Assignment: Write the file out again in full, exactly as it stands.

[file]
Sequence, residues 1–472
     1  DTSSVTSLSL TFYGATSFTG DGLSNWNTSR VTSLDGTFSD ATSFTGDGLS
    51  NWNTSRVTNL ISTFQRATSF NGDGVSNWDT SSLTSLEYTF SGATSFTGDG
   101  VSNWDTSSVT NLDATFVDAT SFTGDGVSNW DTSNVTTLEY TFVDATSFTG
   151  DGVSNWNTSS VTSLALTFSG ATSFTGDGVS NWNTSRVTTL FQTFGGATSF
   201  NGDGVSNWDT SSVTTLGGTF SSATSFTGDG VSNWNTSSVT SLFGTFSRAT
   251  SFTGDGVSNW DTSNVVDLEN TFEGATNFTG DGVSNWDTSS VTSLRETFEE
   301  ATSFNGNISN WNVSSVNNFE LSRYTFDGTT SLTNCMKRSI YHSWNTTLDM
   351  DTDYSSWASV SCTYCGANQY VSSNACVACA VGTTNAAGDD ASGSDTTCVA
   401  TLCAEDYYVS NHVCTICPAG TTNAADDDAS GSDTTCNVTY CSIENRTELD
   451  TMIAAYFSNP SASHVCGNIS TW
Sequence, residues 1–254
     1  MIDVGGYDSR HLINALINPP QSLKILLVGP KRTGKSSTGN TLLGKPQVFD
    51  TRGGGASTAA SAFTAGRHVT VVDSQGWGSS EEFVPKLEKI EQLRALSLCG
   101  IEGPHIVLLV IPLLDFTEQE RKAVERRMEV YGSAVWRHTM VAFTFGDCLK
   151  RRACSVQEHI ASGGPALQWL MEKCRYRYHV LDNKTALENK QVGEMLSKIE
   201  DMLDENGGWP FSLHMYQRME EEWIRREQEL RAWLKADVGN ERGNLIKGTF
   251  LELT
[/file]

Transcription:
Sequence, residues 1–472
     1  DTSSVTSLSL TFYGATSFTG DGLSNWNTSR VTSLDGTFSD ATSFTGDGLS
    51  NWNTSRVTNL ISTFQRATSF NGDGVSNWDT SSLTSLEYTF SGATSFTGDG
   101  VSNWDTSSVT NLDATFVDAT SFTGDGVSNW DTSNVTTLEY TFVDATSFTG
   151  DGVSNWNTSS VTSLALTFSG ATSFTGDGVS NWNTSRVTTL FQTFGGATSF
   201  NGDGVSNWDT SSVTTLGGTF SSATSFTGDG VSNWNTSSVT SLFGTFSRAT
   251  SFTGDGVSNW DTSNVVDLEN TFEGATNFTG DGVSNWDTSS VTSLRETFEE
   301  ATSFNGNISN WNVSSVNNFE LSRYTFDGTT SLTNCMKRSI YHSWNTTLDM
   351  DTDYSSWASV SCTYCGANQY VSSNACVACA VGTTNAAGDD ASGSDTTCVA
   401  TLCAEDYYVS NHVCTICPAG TTNAADDDAS GSDTTCNVTY CSIENRTELD
   451  TMIAAYFSNP SASHVCGNIS TW
Sequence, residues 1–254
     1  MIDVGGYDSR HLINALINPP QSLKILLVGP KRTGKSSTGN TLLGKPQVFD
    51  TRGGGASTAA SAFTAGRHVT VVDSQGWGSS EEFVPKLEKI EQLRALSLCG
   101  IEGPHIVLLV IPLLDFTEQE RKAVERRMEV YGSAVWRHTM VAFTFGDCLK
   151  RRACSVQEHI ASGGPALQWL MEKCRYRYHV LDNKTALENK QVGEMLSKIE
   201  DMLDENGGWP FSLHMYQRME EEWIRREQEL RAWLKADVGN ERGNLIKGTF
   251  LELT